In a story encompassing the increasingly dreary art, society, and financial worlds, The New York Times reports that Alberto W. Vilar has been convicted of 12 counts of securities fraud. Mr. Vilar, a 67-year-old Cuban immigrant, was charged along with his Amerindo Investment Advisors Inc. partner, Gary A. Tanaka, who was only convicted on three of the counts. The two men were in trouble for putting clients’ money in unstable technology stocks, as opposed to the more reliable investments they’d claimed to be making. After a series of bad decisions and a market plunge in 2000, the pair switched to fraud, depositing millions of client money into their personal accounts.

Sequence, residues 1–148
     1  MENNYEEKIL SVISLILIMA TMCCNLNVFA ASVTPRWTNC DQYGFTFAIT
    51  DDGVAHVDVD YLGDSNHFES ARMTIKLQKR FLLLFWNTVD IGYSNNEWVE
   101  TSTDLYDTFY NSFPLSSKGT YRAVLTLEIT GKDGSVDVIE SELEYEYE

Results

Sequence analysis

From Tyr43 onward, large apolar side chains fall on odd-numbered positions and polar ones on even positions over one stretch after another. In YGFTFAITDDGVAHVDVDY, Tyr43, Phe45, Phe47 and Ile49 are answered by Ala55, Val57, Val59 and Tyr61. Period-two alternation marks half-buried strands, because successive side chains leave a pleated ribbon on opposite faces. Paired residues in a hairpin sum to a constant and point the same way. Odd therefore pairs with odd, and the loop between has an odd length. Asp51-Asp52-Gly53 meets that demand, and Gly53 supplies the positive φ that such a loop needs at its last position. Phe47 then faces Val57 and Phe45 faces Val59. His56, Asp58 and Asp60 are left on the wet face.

Other victims included a wide array of philanthropic institutions to which Mr. Vilar had promised—but not yet delivered—money, including the Metropolitan Opera, the Los Angeles Opera, the Washington National Opera, the Royal Opera in London, and the Salzburg Festival, not to mention Columbia, NYU, and Washington & Jefferson College (Mr. Vilar’s alma mater).
Prior to the trial, Mr. Vilar complained that the prosecution had targeted him because of his prominence as a benefactor. Additionally, “many of his professed friends in the cultural world melted away after his troubles became public,” an unsurprising development that left him “bitter.”
Mr. Vilar’s lawyer plans to appeal, but he will likely be forced to give up his United Nations Plaza condo, decorated with a “larger-than-life-size bronze statue of a young Mozart, gold brocade drapes, marble floor and Steinway grand piano,” for the more subtly appointed quarters awarded to those with prison terms.